Marketing Monday: Four Fiction-Marketing Fallacies
Spend enough time in the writing blogosphere, and you’ll find all sorts of information on all sorts of topics. But by far the most misunderstood and misrepresented area is that of marketing. We all know that once you write a book, you’re going to have to market it somehow, but opinions on how to best do that vary wildly.
Today we’re going to take a look at the most common fiction-marketing fallacies:
1. Good marketing is more important than good writing.
If you spend any time at all on writers’ sites and blogs, you will hear the opinion that platform (and marketing) is the only thing you need to sell a book. Quality doesn’t matter, just the number of followers you have on social media, the numbers of subscribers on the mailing list, and number of free books you can “sell” on Amazon to boost rank. Proponents of this idea cite badly-written but heavily promoted books from the New York Times Bestseller list.
But this is unquestionably a fallacy. For one thing, it reflects a poor view of the reader, supposing that buyers can’t tell a good book from a bad book. Even if you do manage to sell bad books through your marketing methods alone, readers will only be fooled once. They won’t buy your next one. Your goal should be to write an excellent book, market it well, and rely on good reviews and word of mouth to help build momentum for your next release.
Inspirational romance author, Becky Wade says it best: “An author who invests thousands of dollars and hours in publicizing her novel will convince some people to spend their hard-earned money and time on it. But if her readers aren’t crazy about her book, they won’t buy her next one. Worse, they might tell their friends not to bother. So what’s the author accomplished, ultimately? In my opinion, the best way for any author to get word of mouth going is to write a book that readers love.”
[Read the rest of my interview with Becky here.]
2. Platform can wait.
On the opposite side of “marketing is king” is the idea that fiction writers don’t need a platform. While it’s true that platform is far more essential for a non-fiction writer, who will rely on his or her established network of followers to sell books, fiction writers still need to give some thought to how they will reach their readership.
It’s true that you don’t need a ready-built platform to acquire an agent or sell a novel to an editor. But, at some point in the publishing process, your acquiring editor, marketing manager, or publicist will contact you about your marketing plan. You probably don’t want to be thinking about it for the first time when you’re knee-deep in substantive edits. At very least, you should be building a following on Facebook, Twitter, and your blog (if you have decided to blog) pre-publication. It would also be helpful to think about the rudimentary bones of a marketing plan, including your mission statement as a writer.
3. Social media is the only method you need to sell books.
The third fallacy is probably the most widespread. Writers spend hours a day on Facebook and Twitter plugging their books to their followers. While it’s true that social media is a great place to interact with readers, it’s certainly not the main place that books are getting sold. (And over-promoting on social media is more likely to lose you followers than create new fans.)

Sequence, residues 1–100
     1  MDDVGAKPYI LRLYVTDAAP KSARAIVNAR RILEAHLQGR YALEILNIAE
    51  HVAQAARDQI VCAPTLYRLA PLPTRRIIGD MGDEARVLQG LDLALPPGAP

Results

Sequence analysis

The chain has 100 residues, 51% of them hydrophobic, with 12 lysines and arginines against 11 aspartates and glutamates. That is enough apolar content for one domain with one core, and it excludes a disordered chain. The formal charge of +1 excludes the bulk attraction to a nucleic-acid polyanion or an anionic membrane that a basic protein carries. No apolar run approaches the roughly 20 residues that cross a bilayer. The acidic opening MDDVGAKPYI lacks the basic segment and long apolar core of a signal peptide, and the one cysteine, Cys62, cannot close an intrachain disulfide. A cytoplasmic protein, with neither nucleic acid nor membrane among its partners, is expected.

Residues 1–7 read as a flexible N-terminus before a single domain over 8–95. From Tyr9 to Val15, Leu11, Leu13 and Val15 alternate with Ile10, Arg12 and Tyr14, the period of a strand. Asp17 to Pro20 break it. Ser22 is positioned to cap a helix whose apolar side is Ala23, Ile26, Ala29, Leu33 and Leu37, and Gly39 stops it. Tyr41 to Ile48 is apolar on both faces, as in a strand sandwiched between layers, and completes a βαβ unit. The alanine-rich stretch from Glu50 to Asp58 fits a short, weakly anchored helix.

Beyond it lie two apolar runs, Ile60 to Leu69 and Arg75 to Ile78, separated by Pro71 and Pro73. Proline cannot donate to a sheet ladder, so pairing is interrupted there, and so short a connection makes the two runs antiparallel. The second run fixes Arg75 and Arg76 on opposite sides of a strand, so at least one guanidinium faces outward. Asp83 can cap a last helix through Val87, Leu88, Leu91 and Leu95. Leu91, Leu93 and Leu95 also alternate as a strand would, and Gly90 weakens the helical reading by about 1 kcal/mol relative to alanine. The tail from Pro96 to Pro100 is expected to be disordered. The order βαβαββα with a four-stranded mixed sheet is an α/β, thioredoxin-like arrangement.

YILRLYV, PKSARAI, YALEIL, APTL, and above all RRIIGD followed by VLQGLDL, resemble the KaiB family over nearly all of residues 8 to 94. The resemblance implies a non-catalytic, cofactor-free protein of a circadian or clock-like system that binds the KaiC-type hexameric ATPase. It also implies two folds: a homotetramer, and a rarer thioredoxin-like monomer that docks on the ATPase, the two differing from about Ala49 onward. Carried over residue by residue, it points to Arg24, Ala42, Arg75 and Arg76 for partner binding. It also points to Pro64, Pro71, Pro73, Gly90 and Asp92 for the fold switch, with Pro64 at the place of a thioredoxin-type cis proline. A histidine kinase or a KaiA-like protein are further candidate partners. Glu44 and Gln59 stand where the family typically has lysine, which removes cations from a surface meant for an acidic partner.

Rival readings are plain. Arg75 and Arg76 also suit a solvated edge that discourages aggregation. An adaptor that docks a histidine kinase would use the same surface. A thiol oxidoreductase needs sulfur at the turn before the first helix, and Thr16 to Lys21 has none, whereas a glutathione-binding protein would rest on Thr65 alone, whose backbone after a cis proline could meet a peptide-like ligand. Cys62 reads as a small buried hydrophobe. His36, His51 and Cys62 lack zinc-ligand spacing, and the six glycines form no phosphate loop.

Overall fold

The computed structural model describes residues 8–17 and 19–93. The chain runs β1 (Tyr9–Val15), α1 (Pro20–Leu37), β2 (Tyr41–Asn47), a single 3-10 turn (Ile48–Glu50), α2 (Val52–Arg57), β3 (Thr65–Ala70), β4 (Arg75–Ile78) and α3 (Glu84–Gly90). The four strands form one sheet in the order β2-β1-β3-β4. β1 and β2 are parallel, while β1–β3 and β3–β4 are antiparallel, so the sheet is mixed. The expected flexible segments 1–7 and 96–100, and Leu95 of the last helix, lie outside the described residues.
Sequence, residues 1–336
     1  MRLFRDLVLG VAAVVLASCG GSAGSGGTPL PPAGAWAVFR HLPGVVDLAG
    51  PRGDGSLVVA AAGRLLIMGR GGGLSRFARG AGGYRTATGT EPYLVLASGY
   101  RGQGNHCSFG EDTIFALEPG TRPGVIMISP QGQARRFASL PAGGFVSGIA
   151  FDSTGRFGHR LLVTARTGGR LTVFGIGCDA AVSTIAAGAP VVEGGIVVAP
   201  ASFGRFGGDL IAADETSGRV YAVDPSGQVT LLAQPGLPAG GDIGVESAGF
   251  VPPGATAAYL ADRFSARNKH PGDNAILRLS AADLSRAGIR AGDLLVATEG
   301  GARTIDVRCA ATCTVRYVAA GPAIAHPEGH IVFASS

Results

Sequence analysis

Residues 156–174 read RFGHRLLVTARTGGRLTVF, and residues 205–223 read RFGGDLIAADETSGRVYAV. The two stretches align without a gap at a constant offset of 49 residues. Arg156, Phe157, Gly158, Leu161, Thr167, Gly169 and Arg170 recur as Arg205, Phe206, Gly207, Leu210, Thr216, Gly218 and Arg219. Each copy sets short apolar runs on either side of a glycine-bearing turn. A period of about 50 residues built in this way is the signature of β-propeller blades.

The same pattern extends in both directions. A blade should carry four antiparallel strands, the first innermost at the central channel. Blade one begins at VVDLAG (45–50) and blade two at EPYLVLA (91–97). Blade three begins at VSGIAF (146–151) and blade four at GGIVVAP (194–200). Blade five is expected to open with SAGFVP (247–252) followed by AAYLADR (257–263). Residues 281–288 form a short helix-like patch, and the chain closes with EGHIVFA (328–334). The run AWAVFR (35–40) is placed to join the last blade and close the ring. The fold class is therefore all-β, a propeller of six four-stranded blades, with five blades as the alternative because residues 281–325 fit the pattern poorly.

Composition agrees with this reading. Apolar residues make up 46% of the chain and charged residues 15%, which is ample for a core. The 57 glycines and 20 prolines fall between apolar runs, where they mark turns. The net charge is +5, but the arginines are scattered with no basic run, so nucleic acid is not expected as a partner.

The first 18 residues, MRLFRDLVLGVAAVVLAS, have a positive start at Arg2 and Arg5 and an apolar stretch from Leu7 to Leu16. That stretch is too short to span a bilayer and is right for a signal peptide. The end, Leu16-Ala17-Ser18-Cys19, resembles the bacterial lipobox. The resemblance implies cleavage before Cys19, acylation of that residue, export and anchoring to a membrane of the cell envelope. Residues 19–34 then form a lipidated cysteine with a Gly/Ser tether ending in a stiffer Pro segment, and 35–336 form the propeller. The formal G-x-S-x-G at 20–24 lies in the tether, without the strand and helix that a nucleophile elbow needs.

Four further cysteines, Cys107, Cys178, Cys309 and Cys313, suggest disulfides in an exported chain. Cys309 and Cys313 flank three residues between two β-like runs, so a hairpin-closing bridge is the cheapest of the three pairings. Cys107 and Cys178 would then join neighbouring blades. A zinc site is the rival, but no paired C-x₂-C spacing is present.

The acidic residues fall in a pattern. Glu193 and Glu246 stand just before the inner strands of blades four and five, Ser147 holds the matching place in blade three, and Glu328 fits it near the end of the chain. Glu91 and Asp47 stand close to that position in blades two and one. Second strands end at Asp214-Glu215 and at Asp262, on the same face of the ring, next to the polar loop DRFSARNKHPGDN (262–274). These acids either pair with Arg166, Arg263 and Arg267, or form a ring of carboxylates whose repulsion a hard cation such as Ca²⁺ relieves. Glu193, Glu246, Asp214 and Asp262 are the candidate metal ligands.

According to Jeane Wynn, President and CEO of the publicity firm Wynn-Wynn Media, “It takes all types of media to sell books. Social media is one component of a successful publicity campaign, but so are trade reviews, online reviews, blogs, and broadcast media. Writers shouldn’t focus on one area to the exclusion of all others.”
Besides, as every writer knows, “marketing” on Facebook can quickly become an avenue to procrastination!
4. My publisher will do all the marketing for me.
It’s true that some of the larger publishers, especially in the inspirational market, will do a huge amount of marketing for their authors. For the most part, though, stories of book tours, television commercials, and full page magazine ads are either writer urban legends or perks reserved for best-selling authors with huge followings and major name recognition.
The amount of publicity and marketing help that a publisher will give varies from house to house and even from author to author. Even in the best case scenario where the publisher is involved and proactive, writers should plan on spending a substantial amount of time helping market their books around launch time, whether it’s writing guest blog posts, filling out online interviews, or arranging speaking engagements.
Remember, no one will be a more enthusiastic advocate for your story than you!
Writing a good book may remain the most important focus for an author, but marketing is a large component of turning writing into a paying career. Setting the proper expectations and thinking ahead now will go a long way to smoothing the marketing process during publication.
Tags: discoverability, Facebook, fallacies, fiction, marketing, Twitter
Sandy Nadeau says:
And here we go…………….
Jennifer Major says:
I’m bookmarking these!
Bonnie Doran says:
Thanks for the info, Carla. Marketing is where I’m at, and I’ve done more than my fair share worrying about it. Ultimately, book sales are in God’s hands and I need to stop grabbing it back! Your reminder that everyone has an opinion about this has helped me gain a bit of perspective.
On June 3, 2013 at 10:16 am